Earlier this week at Passage, I wrote about the British Columbia government’s failures to address climate change. But to be fair, the province can only do so much: they’re always going to be hampered by whatever the federal government is doing.
In the Guardian, Tzeporah Berman, the chair of the Fossil Fuel Nonproliferation Treaty Initiative, writes that meaningful climate change action is impossible so long as Prime Minister Justin Trudeau lets lobbyists defang policy.
“Canada’s big banks and pension funds are among the largest fossil fuel financiers and investors in the world. Their enabling of the fossil fuel industry hinders real action on climate,” she writes. “Pollution from oil and gas production is the fastest-growing source of Canada’s emissions, yet our government has no plan to wind down the industry.”
There’s much about Canada as a country that leads to the burning of huge amounts of energy. The country is large and spread out, so people often have to rely on road or air transit to get around. The climate is varied, so much of the country has both central heating and air conditioning to survive annual blizzards and heat waves.
And yet, the government is convinced that somehow we can escape from the current situation by continuing to build pipelines and frack natural gas. Canada is treating the climate crisis as something it can solve with minor tweaks, rather than an entire overhaul of the system. And taxpayer money keeps getting spent on fossil fuels.
Case in point: A recent report from the International Institute for Sustainable Development found that since 2018, Canadian governments have spent at least $23 billion supporting pipeline projects.
Moreover, the $1 billion in taxpayer funds that Alberta earmarked for oil well cleanup was money that corporations would have spent anyway — meaning it didn’t go toward actual clean energy infrastructure.
In order to actually make oil sands carbon-neutral by 2050, corporate CEOs say it’ll take $75 billion in government investments — with much of that coming from taxpayers.
The answer to the problem lies in changing what we spend money on. Raidin Blue argues in Canadian Dimension that “deep energy retrofits” on homes is an obvious place to start: “Instead of trying to put energy-intensive air conditioning units in every home (which would significantly increase our GHG emissions) well-designed retrofits involve replacing windows and doors, adding insulation, and installing fans and heat pumps to make homes more livable while saving the average household hundreds of dollars per year.”
Not only does it help cut buildings-based carbon emissions, but it also creates hundreds of thousands of jobs and saves money in the long run.
And David Suzuki, in Rabble, points out that climate justice is inherently linked to decolonization: “Canada was built on resource extraction, and its foundations are shaky on many fronts, including dispossession of Indigenous peoples and wilful blindness to natural limits.”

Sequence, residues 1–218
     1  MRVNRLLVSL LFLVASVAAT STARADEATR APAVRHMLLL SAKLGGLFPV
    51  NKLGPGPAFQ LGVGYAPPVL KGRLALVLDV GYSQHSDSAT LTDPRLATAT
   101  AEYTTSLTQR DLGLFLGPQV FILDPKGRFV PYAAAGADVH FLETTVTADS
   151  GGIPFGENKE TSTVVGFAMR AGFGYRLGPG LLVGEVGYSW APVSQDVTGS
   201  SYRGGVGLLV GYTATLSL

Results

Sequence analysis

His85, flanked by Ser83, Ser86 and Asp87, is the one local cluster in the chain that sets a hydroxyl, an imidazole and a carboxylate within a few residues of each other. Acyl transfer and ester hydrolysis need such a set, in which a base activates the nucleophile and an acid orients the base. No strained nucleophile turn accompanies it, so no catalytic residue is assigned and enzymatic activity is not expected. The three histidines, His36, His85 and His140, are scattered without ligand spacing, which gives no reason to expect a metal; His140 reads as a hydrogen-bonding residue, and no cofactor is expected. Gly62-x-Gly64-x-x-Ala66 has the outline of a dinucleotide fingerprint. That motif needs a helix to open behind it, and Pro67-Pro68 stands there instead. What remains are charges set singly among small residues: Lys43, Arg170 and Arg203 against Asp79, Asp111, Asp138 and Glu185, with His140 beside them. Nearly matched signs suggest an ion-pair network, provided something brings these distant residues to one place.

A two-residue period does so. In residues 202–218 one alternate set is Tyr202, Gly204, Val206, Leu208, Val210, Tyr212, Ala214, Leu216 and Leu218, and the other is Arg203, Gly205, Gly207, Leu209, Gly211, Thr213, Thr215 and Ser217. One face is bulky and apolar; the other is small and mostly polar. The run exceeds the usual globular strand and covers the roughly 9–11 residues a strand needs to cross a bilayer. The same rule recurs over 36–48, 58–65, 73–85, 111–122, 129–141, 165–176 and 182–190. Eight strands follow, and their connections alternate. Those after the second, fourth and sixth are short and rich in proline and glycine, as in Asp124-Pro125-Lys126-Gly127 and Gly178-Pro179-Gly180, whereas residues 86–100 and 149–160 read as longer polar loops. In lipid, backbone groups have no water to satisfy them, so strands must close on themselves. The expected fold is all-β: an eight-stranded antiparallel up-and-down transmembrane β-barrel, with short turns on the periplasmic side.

Suzuki suggests redirecting money — such as having businesses and homeowners on unceded land pay taxes to the Nations whose territories they’re in, or increasing the fees that extractive energy companies pay and splitting those between the Province and First Nations.
The government needs to change its spending priorities.
Back to Tzeporah Berman for a final thought: “If you are hurtling towards a cliff you don’t just attempt to slow down a bit. You change direction.”
Stay safe, stay hydrated, stay angry.
This Week From Passage
“I Was Fired For Criticizing Israel. Now I Dig Holes for A Living.” Kevin Metcalf.
Kevin Metcalf was a journalist at the Canadian Journalists for Free Expression (CJFE). In spring 2018, when Israel killed more than 25 Palestinian protesters and journalists, and injured hundreds of others, he did his job and wrote an alert about it. Then CJFE fired him. This incident proves how much of a hold pro-Israeli government messaging has in Canadian media — and how speaking about the ‘wrong’ things can kill a promising career.
“The B.C. NDP Say Surviving A Heat Wave Is On You, Not Them.” V. S. Wells.
B.C. Premier John Horgan loves personal responsibility. Not dying in a heat wave is apparently explicitly your personal responsibility. Implicitly, the B.C. NDP’s lackadaisical policy also means that not dying from poisoned drugs, not catching COVID-19 and cutting your carbon footprint (while fossil fuels get subsidies) are also your responsibility. I take a look at how the province has tried to shirk responsibility on a number of climate-related points.
“Hamilton Police Are Using COVID-19 Laws To Crush Dissent.” Robert Hiltz.